Henry Golding’s advice to new parents: ‘You’re gonna make mistakes’

·7-min read
Henry Golding opens up about being a new dad and what he misses most about traveling. (Photo: Getty images)
Henry Golding opens up about being a new dad and what he misses most about traveling. (Photo: Getty Images; designed by Quinn Lemmers)

Welcome to So Mini Ways, Yahoo Life's parenting series on the joys and challenges of childrearing.

In only a few short years, Henry Golding has managed to become one of Hollywood’s most exciting leading men. After winning our hearts in the Jon M. Chu-directed Crazy Rich Asians, the Malaysian-born heartthrob’s career has soared. These days, however, he’s enjoying the most important role he's played to date: father. 

Golding, who stars in the upcoming G.I Joe spin-off Snake Eyes (out in July), welcomed a beautiful baby girl with his TV presenter wife, Liv Lo, in March. Needless to say, spending the majority of the pandemic in self-isolation at home with a pregnant wife was a "blessing in disguise." Not only did it bring them closer together, but it also created new memories that will certainly morph into treasured family stories. 

Here, Golding talks about what life is like now that he’s a father as well as his new campaign with the payment network Affirm, which will be awarding customers tens of thousands of dollars throughout the month of June toward their next vacation.

What was it like being in quarantine with your wife and experiencing the pregnancy together?

It was the greatest. It was the most time we've ever spent together without traveling somewhere or going off for work. It was a blessing in disguise. We were able to really concentrate on the two of us and create a family.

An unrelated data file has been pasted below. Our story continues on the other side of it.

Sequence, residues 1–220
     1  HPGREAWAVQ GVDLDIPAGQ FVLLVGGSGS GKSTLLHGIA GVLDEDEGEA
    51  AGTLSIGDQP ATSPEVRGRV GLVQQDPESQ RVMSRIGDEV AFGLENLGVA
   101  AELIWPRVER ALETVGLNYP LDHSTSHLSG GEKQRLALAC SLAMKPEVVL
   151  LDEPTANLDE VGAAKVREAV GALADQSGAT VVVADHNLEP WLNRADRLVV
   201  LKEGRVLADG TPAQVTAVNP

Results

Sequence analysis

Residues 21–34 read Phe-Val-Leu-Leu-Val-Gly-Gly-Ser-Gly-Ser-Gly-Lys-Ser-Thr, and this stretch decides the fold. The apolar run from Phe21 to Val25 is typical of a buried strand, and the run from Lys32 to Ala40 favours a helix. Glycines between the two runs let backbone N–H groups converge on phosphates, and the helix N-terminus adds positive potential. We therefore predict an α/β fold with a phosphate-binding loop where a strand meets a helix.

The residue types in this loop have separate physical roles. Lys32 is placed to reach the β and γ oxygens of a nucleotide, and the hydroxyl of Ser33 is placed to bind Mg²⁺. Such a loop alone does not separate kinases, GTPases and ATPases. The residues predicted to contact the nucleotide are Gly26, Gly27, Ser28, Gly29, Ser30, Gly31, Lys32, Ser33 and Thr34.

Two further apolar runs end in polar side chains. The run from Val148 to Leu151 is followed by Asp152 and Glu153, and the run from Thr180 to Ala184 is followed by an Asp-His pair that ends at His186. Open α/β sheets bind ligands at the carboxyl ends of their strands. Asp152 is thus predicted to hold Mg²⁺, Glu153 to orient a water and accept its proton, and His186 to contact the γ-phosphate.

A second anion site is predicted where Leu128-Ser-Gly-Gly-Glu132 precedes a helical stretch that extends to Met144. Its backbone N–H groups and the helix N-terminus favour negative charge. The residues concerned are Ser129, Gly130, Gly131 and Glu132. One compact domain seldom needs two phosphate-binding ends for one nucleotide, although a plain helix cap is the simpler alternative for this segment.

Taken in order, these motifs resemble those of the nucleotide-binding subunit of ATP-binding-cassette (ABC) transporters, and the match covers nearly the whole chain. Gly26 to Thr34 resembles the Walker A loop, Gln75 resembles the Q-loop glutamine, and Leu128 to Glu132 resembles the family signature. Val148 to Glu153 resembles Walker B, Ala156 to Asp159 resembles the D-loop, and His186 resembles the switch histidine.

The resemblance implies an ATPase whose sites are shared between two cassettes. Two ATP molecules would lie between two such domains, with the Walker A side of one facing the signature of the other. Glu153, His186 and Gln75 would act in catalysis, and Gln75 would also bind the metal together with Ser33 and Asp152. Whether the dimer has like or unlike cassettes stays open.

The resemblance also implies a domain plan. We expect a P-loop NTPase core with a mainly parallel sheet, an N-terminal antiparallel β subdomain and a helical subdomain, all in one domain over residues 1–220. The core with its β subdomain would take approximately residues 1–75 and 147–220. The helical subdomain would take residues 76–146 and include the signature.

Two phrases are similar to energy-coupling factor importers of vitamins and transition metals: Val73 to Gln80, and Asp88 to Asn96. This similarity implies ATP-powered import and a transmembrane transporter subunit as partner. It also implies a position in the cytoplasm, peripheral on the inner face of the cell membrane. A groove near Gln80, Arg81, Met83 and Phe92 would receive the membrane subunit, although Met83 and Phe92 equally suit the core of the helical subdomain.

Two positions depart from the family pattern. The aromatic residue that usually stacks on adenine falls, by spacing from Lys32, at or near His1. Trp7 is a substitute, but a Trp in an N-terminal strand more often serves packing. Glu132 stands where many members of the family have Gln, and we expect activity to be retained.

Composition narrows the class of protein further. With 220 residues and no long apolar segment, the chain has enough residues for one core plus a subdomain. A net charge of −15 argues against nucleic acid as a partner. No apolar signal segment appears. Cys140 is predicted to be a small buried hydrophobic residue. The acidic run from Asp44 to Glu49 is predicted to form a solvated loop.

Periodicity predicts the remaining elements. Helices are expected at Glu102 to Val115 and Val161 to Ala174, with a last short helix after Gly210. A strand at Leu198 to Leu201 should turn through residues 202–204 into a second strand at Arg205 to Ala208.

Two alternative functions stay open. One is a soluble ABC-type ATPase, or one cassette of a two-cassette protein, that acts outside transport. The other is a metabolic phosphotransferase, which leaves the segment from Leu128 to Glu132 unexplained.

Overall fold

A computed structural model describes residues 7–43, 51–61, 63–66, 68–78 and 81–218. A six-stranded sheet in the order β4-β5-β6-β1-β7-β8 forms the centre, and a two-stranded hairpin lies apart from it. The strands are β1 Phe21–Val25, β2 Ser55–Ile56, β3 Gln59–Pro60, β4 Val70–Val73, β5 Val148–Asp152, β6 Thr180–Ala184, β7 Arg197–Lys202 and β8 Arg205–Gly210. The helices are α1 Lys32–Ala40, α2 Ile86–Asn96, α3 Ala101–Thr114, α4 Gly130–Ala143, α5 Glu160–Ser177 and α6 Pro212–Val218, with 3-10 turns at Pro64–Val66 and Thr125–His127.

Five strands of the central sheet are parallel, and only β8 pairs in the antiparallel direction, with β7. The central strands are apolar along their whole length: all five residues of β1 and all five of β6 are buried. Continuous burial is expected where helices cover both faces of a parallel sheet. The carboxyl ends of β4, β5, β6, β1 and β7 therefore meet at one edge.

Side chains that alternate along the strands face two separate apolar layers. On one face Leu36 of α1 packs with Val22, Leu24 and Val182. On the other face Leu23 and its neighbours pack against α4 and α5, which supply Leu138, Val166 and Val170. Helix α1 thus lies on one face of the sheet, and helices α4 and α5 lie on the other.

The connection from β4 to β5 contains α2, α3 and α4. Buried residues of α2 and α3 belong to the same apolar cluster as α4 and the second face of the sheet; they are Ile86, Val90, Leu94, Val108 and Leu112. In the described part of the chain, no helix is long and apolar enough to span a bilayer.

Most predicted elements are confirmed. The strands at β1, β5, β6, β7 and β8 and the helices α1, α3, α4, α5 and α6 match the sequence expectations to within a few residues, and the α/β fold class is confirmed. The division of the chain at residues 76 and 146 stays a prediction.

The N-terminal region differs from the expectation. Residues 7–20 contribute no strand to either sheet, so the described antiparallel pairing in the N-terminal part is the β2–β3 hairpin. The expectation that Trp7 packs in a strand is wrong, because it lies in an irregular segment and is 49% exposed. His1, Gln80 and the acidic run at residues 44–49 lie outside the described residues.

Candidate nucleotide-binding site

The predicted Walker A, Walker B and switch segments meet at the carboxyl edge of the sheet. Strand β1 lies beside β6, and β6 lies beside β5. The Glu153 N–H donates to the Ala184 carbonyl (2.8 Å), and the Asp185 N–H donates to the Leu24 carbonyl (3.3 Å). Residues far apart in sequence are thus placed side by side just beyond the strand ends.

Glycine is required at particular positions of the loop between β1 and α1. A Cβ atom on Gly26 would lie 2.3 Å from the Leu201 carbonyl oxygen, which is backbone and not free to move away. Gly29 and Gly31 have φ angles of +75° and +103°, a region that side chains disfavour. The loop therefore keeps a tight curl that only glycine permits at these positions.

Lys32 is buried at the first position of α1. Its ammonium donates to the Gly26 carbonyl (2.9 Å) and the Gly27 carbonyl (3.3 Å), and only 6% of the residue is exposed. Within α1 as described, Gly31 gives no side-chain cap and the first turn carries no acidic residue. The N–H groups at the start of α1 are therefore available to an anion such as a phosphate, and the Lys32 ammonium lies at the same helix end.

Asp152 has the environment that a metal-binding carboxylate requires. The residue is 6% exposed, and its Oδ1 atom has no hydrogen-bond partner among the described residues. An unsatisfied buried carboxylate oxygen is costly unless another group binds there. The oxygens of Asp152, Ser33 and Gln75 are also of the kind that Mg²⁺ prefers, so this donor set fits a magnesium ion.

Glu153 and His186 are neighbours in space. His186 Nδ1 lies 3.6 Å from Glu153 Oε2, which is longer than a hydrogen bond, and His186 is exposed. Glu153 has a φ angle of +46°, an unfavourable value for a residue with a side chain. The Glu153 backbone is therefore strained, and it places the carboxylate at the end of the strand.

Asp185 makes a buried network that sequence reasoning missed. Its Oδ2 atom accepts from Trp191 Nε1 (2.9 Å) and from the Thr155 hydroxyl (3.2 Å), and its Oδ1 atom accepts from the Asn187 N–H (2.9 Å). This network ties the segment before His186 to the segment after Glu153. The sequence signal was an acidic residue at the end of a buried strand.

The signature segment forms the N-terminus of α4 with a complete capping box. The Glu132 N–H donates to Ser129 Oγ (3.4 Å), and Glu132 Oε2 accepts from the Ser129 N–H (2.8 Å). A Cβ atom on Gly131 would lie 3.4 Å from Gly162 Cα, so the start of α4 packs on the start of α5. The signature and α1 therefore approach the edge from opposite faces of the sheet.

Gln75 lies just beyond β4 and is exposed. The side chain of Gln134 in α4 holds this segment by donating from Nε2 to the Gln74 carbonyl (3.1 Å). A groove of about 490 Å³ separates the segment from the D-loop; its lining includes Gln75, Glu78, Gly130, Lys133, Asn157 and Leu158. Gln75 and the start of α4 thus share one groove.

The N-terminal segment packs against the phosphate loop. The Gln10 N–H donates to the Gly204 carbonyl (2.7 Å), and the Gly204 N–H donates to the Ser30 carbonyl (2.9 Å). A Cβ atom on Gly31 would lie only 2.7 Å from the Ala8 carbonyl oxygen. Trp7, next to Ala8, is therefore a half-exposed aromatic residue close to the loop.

Not to mention, the experience at the hospital must have been quite different.

It was definitely different because they weren't allowing people, apart from [Liv], into the hospital. So I'd be in the car on Zoom or WhatsApp and video calling all through the scans and everything like that. It was a very different, I'm sure, experience than when things were normal. But it definitely didn't take away from the fact that it was such a remarkable time.

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What was it like holding her in your arms for the first time?

Oh, my gosh. It was like a 23- to 24-hour labor process, so by the end of it, the exhaustion and relief was kind of the overall feeling — and the joy of the fact that she's here. She's finally here. It was just so overwhelming seeing her kind of wriggling on my wife's chest as soon as she came out, then she was already holding her head up. It was just remarkable.

Do you have any advice for first-time parents who are also entering it post-pandemic, just like you?

I'm still learning as we go. You're gonna make mistakes, it's gonna be a learning process. Don't stress yourself out about trying to be overly prepared because it will always keep you on your toes and you will never ever feel enough. But know that whatever you're doing is enough. I think people really beat themselves up about it, especially the moms, because there's such a connection with the baby. You feel and you hope that you're doing what you can to help her grow, provide her with the nutrition that she she needs. Don't be too hard on yourselves.

Do you have any favorite lullabies or children's books?

The Gruffalo [by Julia Donaldson] classic. Some of the Dr. Seuss ones, Oh, the Places You’ll Go! classic. I just feel like that book encapsulates the journey of self-trust, you know, and understanding that whatever decision you make, it will bring you to these adventures and you don't necessarily need to follow anybody else’s. People will tell you until they're blue in the face of what to do, but sometimes it takes a gut feeling.

Do you have any favorite travel memories?